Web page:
Students are expected to perform adequately in all aspects of the course.  However, the overall objective is for each student to learn and to apply the course material.  In the event that substandard performance occurs, quizzes are missed, or the student believes that additional help is needed, the student may request extra credit assignments in the form of reports and class presentations. 

• Mid-Term and Final Exam Content
Students should be prepared to take notes in class, because the mid-term exam and final exam will have material from both the in-class notes and readings. 

 

GENERAL GUIDELINES

• Plan on spending at least 6 hours outside of class each week to study the material and to work on homework assignments and projects. Do not wait until the last day to start the homework, do projects, or to prepare for exams.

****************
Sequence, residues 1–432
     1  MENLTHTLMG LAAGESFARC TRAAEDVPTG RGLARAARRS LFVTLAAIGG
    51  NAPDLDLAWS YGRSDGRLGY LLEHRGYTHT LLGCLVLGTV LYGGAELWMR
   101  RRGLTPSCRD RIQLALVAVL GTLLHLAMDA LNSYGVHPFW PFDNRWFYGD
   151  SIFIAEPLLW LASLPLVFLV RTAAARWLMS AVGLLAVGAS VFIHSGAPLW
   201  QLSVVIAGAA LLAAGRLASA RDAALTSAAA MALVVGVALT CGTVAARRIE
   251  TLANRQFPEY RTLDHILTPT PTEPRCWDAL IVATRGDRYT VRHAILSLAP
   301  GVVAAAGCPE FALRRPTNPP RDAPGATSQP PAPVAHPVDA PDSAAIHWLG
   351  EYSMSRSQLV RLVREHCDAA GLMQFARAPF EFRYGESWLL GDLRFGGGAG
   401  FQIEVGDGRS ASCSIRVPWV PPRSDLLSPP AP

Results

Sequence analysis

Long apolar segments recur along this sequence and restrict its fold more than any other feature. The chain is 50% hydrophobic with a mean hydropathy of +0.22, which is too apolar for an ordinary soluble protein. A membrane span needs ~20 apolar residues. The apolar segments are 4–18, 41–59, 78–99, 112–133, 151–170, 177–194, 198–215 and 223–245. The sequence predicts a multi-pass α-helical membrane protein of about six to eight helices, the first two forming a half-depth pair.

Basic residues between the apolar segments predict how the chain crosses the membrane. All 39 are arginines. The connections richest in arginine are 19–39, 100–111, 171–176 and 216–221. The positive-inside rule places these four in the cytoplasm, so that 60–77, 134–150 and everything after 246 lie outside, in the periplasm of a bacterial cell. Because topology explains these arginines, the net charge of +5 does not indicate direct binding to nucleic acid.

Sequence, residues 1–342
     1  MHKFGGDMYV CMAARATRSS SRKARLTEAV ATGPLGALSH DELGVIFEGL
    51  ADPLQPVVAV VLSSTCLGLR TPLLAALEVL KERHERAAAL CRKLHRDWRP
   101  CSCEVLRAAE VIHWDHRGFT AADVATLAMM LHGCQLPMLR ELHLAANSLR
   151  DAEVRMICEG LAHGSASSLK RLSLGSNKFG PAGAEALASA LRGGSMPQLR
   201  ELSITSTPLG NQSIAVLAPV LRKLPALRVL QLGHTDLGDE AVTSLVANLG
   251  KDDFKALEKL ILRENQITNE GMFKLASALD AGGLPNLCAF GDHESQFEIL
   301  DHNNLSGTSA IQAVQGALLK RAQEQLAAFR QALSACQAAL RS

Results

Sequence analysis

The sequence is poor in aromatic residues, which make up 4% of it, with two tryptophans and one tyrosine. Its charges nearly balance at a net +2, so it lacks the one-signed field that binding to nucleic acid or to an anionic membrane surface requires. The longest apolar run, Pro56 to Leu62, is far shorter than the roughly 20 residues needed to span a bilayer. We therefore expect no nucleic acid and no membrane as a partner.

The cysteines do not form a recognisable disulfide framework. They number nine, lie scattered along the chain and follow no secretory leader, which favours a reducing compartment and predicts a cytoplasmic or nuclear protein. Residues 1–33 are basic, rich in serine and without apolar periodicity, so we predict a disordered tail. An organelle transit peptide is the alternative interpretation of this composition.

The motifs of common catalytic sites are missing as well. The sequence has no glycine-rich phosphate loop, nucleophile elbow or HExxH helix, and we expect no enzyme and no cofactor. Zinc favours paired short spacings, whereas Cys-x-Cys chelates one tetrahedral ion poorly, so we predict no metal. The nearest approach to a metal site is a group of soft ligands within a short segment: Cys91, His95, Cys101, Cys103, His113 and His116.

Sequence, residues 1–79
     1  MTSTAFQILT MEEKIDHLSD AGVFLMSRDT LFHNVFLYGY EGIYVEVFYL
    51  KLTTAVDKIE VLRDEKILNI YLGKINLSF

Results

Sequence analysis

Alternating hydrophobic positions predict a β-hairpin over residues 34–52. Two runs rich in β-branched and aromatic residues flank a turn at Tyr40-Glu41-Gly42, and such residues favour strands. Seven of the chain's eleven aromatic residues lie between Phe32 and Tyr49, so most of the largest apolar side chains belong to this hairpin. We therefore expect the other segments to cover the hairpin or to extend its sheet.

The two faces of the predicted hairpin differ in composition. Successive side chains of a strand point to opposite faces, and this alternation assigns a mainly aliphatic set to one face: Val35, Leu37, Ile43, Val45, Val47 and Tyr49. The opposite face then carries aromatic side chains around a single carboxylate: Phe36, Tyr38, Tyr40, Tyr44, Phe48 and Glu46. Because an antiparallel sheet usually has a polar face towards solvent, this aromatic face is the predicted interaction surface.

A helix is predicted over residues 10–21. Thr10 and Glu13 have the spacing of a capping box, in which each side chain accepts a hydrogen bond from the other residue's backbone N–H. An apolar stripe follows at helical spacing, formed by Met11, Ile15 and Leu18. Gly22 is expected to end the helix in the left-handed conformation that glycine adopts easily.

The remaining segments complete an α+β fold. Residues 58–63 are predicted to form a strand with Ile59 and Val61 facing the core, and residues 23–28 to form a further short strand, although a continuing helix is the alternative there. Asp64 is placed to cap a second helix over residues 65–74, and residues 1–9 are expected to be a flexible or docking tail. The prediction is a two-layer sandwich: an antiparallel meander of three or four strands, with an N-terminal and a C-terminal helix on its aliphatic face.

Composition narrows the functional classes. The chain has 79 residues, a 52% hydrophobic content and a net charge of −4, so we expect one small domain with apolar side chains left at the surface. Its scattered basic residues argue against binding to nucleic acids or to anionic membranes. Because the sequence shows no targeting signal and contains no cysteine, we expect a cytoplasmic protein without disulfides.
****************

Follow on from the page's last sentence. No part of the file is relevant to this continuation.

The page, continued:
• Read the course material before coming to class. There will be a quiz every Thursday on the reading material. 

• If you need makeup or extra credit work, see the instructor. 

• Request office hours throughout the semester as needed for questions or problems.  

 


Writing Proficiency Requirement All students seeking a Bachelor's degree from Midwestern State University must satisfy a writing proficiency requirement once they've 1) passed English 1113 and English 1123 and 2) earned 60 hours. You may meet this requirement by passing either the Writing Proficiency Exam or English 2113. Please keep in mind that, once you've earned over 90 hours, you lose the opportunity to take the $25 exam and have no option but to enroll in the three-credit hour course. If you have any questions about the exam, visit the Writing Proficiency Office website at http://academics.mwsu.edu/wpr, or call 397-4131.